My top takeaways from the 2017 SfEP Scottish mini-conference

Post by Jill Broom

As I sat on the 8.15 train from Glasgow Queen Street to Edinburgh last Friday morning, I was feeling excited about what the day would bring. Some of that excitement may have had something to do with the promise of my bestie’s hen weekend beginning later that evening, but the rest of the day was shaping up to be good too … I was off to the SfEP Scottish mini-conference.

As someone who works from home, I look upon it as a rare treat to get caught up in the bustle of rush hour. (I know. I’m probably mad.) And to have an hour’s commute when I can get through my admin before the ‘real’ start of the day? Well, that is awesome.

Although that morning my admin mostly consisted of organising my kids’ social lives by text, my mind was ultimately focused on my profession. This was going to be a day about developing and reaffirming my skills.

Why did I go to this SfEP conference?

Freelancing can be a lonely business. Holed up in a home office for days on end without seeing many people doesn’t always a fun Jill make. So, these events are important to me. Meeting up with, learning from and chatting to other editorial professionals every so often makes me feel less isolated.

What did I get out of it?

Well, loads of course … but there were three key things for me.

1. Trust your instinct (& don’t fret about strict grammar conventions)

Did you know that most current grammar books are outdated? Some merely contain rehashed guidance written 100+ years ago. OK, so don’t panic! There’s no need to burn them all. But this fact does rather rain on the whole idea of the fluidity of language.

Well, while Professor of Linguistics Geoff Pullum didn’t urge us to ditch all grammar rules immediately, he did ask us to be sensible in our approach.

The issue at the heart of Pullum’s entertaining talk on Freedom and tyranny in English grammar was that we should be editing written work to sound like it belongs in 2017. He pointed out that usages people regard as grammatical errors are often just a less formal style. So, don’t over-correct. If it sounds OK, leave it alone.

This resonated with me and many other conference attendees – hence the ‘trust your instinct’ subhead. But it’s nice to have your working practices reaffirmed by a linguistics prof.

I particularly liked this example:

  • ‘Don’t worry about the passive voice; just don’t be dull.’ Hooray! This is something that’s bugged me for ages. Even Word and some Content Management Systems obsess over this. WordPress’s insistence on using instances of the passive voice to score readability drives me bonkers. If it reads well, surely that’s the most important thing?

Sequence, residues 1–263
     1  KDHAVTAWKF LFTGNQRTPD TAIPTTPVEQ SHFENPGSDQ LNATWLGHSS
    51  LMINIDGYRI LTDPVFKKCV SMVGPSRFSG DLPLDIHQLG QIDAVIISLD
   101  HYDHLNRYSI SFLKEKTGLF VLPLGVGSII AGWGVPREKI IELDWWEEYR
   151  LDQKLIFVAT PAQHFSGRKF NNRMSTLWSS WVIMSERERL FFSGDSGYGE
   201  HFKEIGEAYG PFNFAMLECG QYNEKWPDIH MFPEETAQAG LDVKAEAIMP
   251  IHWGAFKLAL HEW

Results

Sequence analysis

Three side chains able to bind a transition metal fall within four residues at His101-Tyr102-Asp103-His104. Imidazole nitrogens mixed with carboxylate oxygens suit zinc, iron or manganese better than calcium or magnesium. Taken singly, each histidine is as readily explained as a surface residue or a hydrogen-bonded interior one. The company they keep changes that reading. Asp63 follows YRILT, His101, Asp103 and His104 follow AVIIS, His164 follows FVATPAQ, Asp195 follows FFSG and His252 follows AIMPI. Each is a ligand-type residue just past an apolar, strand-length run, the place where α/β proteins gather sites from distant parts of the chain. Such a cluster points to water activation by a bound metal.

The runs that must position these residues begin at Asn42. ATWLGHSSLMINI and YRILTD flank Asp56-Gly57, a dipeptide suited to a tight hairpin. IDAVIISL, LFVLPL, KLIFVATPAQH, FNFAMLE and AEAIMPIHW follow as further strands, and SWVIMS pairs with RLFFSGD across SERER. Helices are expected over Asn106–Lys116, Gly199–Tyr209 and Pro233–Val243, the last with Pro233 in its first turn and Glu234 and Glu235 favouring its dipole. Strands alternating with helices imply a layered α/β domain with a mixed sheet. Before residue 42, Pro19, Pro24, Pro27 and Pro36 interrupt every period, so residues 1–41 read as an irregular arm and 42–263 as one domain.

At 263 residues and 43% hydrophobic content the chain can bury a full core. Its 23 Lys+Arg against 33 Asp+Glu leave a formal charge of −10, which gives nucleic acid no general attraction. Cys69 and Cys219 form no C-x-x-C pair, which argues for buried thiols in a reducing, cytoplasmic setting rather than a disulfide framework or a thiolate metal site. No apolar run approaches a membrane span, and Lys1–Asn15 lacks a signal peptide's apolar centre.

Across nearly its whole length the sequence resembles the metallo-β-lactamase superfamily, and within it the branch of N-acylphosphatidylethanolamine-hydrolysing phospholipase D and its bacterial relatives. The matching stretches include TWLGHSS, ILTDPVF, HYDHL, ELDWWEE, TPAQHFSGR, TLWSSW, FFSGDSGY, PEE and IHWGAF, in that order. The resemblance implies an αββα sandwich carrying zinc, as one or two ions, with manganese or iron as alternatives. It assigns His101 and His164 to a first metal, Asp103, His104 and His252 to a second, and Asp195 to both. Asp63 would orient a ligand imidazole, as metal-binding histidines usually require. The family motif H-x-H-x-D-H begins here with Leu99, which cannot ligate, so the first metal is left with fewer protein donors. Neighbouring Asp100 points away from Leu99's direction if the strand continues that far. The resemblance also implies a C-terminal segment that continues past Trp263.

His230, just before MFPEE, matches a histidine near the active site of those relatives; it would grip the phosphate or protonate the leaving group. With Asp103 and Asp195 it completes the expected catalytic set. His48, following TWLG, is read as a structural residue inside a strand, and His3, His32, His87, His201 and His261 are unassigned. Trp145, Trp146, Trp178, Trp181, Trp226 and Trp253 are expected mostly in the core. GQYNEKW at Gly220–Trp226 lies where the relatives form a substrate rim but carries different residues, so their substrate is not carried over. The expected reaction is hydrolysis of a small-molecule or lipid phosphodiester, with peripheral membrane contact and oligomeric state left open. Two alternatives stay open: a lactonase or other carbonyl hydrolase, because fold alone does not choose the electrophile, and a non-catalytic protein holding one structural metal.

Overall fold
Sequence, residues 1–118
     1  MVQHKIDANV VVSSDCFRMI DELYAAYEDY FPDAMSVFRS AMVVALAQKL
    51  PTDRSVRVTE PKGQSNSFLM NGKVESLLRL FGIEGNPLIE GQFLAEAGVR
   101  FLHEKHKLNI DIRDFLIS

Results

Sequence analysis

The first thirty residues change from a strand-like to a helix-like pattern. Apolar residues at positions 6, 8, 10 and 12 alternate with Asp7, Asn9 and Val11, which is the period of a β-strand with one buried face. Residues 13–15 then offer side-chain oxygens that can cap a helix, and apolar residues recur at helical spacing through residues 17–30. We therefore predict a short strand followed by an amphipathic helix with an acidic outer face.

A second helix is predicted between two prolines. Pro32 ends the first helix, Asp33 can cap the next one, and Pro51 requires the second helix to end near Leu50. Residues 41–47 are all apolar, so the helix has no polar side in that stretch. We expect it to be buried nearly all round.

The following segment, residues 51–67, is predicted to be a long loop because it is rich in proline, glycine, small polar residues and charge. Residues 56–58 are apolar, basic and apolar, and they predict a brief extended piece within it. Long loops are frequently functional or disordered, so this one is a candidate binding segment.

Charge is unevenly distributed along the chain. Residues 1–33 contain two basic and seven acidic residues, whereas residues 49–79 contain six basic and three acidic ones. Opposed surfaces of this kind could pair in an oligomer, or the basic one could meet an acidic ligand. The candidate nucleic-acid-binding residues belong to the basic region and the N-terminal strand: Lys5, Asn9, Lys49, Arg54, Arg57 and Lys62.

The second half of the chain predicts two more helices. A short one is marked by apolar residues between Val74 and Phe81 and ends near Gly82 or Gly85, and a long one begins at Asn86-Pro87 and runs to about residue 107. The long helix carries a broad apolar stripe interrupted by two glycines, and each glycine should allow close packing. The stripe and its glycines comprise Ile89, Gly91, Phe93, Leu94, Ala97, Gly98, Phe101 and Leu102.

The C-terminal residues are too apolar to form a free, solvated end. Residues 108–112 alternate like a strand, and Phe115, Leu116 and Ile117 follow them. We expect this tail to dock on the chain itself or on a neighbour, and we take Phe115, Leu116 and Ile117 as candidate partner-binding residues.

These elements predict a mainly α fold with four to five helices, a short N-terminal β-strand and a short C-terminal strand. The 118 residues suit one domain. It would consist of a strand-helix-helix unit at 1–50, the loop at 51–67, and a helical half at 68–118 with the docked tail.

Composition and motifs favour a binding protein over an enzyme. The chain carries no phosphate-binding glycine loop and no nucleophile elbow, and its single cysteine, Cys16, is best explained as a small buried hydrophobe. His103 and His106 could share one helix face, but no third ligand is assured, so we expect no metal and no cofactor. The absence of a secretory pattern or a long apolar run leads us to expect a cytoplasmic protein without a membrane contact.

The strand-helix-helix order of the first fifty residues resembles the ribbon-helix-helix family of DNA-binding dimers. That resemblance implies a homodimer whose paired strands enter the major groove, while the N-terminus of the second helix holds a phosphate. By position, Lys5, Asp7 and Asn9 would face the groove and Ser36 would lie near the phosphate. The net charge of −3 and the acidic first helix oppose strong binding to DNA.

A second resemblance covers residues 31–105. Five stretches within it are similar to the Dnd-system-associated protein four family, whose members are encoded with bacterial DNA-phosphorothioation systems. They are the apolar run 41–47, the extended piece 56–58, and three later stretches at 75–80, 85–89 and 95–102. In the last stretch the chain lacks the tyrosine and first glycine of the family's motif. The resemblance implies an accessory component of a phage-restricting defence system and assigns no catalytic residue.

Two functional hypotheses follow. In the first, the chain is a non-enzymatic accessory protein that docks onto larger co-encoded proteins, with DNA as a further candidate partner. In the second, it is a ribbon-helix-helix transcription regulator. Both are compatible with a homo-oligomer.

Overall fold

Pullum highlighted that the same goes for a whole host of other grammar ‘rules’. For example, you don’t need to ‘un-split a split infinitive if it makes sense’ and you don’t need to remove all adjectives and adverbs if they lend meaning.

And, if you’re dithering over whether to change a word to something that ‘makes more grammatical sense’, look around to see what occurs elsewhere. Ask Google. You may well find enough relevant examples to give you the confidence to leave it be.

2. Investigate and use tools that can make you more efficient

One of the things I love about SfEP conferences is that members are always willing to share their experiences to help their colleagues. And Ashley Craig’s session on commercial super-macros didn’t disappoint.

Ashley gave us live demos of Wordsnsync EditTools v8.0 and Editorium Editor’s Toolkit PLUS 2014, proving that super-macros save a lot of time by automating some of the copy-editing process.

Wordsnsync EditTools’ journal checker, which checks and corrects journal names, looked particularly handy for those regularly dealing with references, and its Insert Query tool saves you having to copy and paste or rewrite the same types of queries over and over again. But take a look for yourself. There are a whole load of other useful things these super-macros can do for you.

I’m terrible for setting aside time to look into these things and then getting caught up in some other work … But I’ve given myself a talking to after Ashley’s session.

3. Remember to be confident in what you do

How many times have you used the words ‘only’ and ‘just’ when talking about what you do for a living? Well … stop it.

Laura Poole’s pep talk reminded us that we’re not ‘only’ editors who ‘just’ tidy up other people’s writing. We provide an extremely valuable service to many different businesses, and we should talk about it using less apologetic language.

Laura also spoke about networking – something many of us recoil from. She pointed out that you don’t need to be ‘salesy’. In fact, don’t be. It’ll put people off. Just be yourself and start a natural conversation. Be interested in who you’re talking to. And when they ask what you do … think about how to talk about it in a nutshell. Can you do this in a creative way? Can you make yourself stand out from the crowd?

A week later, I’m still working on the perfect ‘elevator pitch’.  But … I know which words I won’t be including in it; I know how to make myself the most efficient proofreader and copy-editor I can be; and I know that I’m making the right calls when it comes to rejecting outdated grammatical conventions.

All in all, #SfEPSco17 was a very good day ‘out of the office’.

ABOUT THE AUTHOR